Aside from the localization delay and system Yakuza 5 landed on (originally the title launched on PlayStation 3 in 2012), the series is a beloved staple of PlayStation users and has been a welcome addition to the console since 2009 when Yakuza 3 came out here in the Western world.
Yakuza 5 is the best representation of what the series has to offer, offering much of what the games released today seem to lack, heart.
So when Yakuza 5 was announced to be released in literal days after the PlayStation Experience keynote in San Francisco, I was immediately more than excited to jump back into the underground world of Japan and back into the shoes of Kiryu Kazuma. The ex-Yakuza member represents the better ideologies of Japan; trust and honour are among the defining features of the man who was the head of the mafia of Japan.
Continuing the trend of multiple protagonists like predecessor Yakuza 4, this time, we get five characters to control, this time starring Kiryu Kazuma, two returning protagonists from the previous entry, Shun Akiyama and Taiga Saejima. Tatsuo Shinada and Haruka Sawamura round out the rest of the character sheet and add to the tally.
The cast has expanded, but Sega has done well to create engaging stories for each playable character, bringing them together in the finale in a tangible way.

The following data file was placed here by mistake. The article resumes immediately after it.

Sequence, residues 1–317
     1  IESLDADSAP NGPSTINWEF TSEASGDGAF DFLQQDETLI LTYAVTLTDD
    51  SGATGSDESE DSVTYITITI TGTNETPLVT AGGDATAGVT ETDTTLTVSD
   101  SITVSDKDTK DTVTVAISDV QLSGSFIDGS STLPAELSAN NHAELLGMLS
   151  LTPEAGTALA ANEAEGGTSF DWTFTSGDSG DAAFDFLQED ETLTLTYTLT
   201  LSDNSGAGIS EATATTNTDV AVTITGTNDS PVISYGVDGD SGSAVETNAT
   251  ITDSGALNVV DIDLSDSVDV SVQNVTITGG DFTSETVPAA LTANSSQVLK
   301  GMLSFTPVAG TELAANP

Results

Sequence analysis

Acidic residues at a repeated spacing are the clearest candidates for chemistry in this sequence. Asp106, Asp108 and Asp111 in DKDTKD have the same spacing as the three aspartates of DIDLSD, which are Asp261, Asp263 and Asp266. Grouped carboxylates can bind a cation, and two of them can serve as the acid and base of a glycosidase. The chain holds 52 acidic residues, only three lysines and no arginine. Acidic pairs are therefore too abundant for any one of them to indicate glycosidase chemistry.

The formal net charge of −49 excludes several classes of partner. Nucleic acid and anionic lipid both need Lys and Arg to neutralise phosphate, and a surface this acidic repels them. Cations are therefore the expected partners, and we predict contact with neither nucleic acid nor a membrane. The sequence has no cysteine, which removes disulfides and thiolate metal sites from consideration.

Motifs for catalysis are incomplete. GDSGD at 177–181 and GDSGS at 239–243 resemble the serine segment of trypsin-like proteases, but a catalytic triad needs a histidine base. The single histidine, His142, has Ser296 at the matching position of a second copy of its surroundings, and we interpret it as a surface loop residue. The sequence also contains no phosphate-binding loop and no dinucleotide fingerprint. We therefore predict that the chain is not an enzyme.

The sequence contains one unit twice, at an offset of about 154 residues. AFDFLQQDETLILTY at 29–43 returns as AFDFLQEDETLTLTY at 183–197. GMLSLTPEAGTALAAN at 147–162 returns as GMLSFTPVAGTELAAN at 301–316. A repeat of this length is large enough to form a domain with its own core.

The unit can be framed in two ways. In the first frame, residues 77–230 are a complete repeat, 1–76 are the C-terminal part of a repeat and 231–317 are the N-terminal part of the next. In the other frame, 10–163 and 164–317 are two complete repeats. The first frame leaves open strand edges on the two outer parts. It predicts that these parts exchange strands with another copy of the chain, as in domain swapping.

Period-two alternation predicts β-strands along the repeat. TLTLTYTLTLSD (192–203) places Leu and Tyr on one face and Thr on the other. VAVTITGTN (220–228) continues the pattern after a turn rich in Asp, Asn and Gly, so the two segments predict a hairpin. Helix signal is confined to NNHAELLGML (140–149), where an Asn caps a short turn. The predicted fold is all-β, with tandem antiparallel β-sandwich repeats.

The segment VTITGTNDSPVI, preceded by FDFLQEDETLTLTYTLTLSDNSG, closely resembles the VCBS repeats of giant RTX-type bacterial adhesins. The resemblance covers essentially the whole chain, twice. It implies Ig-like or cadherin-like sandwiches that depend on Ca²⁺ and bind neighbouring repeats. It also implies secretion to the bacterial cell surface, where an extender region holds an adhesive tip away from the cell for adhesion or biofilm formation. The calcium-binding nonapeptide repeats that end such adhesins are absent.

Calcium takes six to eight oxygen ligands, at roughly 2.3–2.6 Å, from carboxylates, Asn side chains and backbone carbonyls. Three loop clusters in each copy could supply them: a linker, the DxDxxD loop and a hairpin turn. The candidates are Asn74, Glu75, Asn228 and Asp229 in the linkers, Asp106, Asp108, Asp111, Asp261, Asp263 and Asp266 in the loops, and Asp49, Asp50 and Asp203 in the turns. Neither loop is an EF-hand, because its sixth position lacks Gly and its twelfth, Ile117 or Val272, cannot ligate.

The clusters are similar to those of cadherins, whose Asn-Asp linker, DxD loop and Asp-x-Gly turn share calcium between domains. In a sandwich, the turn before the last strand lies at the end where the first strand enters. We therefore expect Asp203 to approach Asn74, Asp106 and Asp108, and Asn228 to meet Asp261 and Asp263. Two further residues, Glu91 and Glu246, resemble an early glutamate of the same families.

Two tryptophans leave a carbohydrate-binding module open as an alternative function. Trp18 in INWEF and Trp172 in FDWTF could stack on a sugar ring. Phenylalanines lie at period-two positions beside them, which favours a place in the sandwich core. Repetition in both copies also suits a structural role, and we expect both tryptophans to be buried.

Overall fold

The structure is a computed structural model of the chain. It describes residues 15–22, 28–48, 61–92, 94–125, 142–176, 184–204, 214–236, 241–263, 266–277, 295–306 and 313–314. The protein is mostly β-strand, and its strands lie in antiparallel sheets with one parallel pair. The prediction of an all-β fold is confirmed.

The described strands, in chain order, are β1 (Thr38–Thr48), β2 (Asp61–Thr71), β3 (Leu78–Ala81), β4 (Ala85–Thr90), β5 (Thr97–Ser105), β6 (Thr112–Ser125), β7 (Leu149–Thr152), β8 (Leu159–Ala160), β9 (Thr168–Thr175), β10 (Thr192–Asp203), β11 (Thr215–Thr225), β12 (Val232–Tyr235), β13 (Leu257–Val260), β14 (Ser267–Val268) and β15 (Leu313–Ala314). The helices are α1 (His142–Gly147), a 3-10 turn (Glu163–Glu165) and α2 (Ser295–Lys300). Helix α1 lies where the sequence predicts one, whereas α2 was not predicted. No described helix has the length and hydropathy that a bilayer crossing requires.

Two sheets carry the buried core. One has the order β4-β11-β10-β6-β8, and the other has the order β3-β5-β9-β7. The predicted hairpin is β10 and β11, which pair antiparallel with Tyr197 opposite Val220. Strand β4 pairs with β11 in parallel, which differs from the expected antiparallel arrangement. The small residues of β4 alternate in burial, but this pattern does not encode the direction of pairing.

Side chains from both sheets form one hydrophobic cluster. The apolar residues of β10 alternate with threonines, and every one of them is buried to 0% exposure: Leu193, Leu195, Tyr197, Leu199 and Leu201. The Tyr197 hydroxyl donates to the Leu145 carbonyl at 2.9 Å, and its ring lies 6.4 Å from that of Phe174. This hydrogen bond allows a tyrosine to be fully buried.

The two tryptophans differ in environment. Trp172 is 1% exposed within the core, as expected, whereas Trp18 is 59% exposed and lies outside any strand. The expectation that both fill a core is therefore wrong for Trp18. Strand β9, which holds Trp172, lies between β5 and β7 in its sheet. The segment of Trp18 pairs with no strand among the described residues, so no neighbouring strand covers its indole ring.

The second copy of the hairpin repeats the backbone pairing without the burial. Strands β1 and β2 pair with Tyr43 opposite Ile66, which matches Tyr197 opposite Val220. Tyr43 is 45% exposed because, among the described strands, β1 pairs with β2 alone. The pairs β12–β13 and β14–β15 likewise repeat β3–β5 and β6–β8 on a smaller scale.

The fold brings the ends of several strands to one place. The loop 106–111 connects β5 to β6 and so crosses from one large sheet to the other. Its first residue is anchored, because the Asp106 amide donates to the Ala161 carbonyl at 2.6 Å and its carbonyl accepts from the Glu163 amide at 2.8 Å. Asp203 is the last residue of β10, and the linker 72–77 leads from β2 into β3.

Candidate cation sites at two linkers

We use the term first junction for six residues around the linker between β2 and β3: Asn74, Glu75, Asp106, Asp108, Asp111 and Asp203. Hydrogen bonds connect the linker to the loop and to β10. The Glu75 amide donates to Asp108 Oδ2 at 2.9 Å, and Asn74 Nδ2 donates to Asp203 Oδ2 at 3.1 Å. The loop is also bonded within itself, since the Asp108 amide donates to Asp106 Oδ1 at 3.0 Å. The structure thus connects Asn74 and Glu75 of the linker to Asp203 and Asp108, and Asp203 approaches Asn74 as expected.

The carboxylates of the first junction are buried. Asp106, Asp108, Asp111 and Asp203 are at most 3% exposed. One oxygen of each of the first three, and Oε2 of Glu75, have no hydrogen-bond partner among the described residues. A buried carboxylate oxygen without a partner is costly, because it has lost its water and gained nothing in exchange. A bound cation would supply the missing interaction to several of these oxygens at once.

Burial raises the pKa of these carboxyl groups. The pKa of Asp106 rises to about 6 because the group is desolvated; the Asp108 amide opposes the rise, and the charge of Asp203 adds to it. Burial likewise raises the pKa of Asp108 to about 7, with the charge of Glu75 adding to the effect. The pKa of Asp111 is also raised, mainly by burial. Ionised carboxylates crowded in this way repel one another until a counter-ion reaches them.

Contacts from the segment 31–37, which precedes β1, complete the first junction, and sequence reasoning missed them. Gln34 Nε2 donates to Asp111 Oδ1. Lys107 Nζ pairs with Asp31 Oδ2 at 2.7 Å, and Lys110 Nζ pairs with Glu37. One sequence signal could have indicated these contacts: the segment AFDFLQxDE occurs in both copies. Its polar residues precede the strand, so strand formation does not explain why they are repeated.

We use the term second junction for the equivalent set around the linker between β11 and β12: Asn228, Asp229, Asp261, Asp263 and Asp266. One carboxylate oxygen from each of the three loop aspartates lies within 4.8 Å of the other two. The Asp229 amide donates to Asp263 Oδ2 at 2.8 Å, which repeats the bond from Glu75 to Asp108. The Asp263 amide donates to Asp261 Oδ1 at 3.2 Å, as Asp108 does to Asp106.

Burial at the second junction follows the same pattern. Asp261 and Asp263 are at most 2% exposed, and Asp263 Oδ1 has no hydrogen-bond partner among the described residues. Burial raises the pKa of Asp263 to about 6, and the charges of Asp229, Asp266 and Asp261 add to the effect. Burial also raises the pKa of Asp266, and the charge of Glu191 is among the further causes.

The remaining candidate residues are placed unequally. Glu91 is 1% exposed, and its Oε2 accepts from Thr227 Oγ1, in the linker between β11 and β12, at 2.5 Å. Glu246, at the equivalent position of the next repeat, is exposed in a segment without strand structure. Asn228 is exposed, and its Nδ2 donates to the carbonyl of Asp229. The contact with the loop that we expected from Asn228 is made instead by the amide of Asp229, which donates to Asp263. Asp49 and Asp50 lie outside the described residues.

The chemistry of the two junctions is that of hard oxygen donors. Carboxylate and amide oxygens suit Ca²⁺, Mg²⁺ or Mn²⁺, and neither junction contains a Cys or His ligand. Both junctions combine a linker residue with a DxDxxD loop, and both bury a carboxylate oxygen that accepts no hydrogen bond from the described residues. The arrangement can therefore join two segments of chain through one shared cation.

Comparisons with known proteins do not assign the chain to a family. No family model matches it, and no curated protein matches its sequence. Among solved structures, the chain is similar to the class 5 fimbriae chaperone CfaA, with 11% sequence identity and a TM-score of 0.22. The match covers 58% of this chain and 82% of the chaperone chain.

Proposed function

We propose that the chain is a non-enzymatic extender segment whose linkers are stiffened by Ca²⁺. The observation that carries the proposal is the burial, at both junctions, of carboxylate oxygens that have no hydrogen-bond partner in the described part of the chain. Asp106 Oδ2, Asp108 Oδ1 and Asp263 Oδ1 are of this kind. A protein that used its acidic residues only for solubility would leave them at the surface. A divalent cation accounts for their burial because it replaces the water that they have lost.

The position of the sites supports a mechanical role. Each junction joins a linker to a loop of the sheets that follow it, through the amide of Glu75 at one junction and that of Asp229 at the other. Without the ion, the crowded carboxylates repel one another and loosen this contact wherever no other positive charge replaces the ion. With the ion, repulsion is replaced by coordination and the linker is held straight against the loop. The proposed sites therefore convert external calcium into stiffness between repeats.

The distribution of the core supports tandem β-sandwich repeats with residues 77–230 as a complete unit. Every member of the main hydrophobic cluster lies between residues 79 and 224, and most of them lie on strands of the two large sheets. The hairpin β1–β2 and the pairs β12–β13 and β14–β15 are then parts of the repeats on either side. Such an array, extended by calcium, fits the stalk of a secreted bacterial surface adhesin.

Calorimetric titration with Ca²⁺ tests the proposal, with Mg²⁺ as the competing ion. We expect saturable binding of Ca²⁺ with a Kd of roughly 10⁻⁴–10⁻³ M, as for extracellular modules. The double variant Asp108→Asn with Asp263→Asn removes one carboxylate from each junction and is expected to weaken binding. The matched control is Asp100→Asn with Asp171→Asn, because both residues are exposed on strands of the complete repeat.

Yakuza 5 begins in Fukuoka and is where the game shows you the ropes of the systems, entertaining the player with the basics of Yakuza. The one thing I’ve always loved when playing one of these titles is the attention to detail the developers put into the locales. The worlds are dense and compact and feel exactly like what a city should be like.
The Yakuza series offers many things to complete; there is just so much to do and keep you engaged during your time playing. Each character has their own activities to keep you busy, ranging from driving to idol simulators, including singing and dancing, which are so popular in Japan. The world before you has so much to offer in a way other open-world games need to take notice of and allow the player to discover what there is to do without openly displaying it with a cluster of icons. The activities are organic to the world.
The best and favourite thing to return to is the combat Yakuza offers. What feels like the evolution of 90’s brawlers has shown up in the series and improves with each sequel, except in Yakuza 5, where I didn’t see a noticeable difference from Yakuza 4 in terms of improvements. The combat is still clunky at certain times, and there is no way to counter incoming attacks. Heat attacks return and allow the player to do exciting things in battle, like offering excessively brutal retaliation on goons that decide to face off against you.
Each character has a varying fighting style and will take some time to master the ins and outs of their style. This allows for a change up and keeps the combat fresh, and allows for a varied experience to keep things interesting.
Yakuza 5 is the best of the series, combining the best of all previous titles into the latest entry. The turnover rate of release is a shame because releasing as a digital-only title on the PlayStation 3 feels like a misfire on Sega’s part. This entry is the swan song for those who have followed Yakuza since the beginning; it pays off! Aside from the dated but fun combat, this is where the franchise needs to go to continue. Newcomers don’t feel left out; this is a great starting point to get into Yakuza because there is so much to offer those looking for the best Japan has to offer.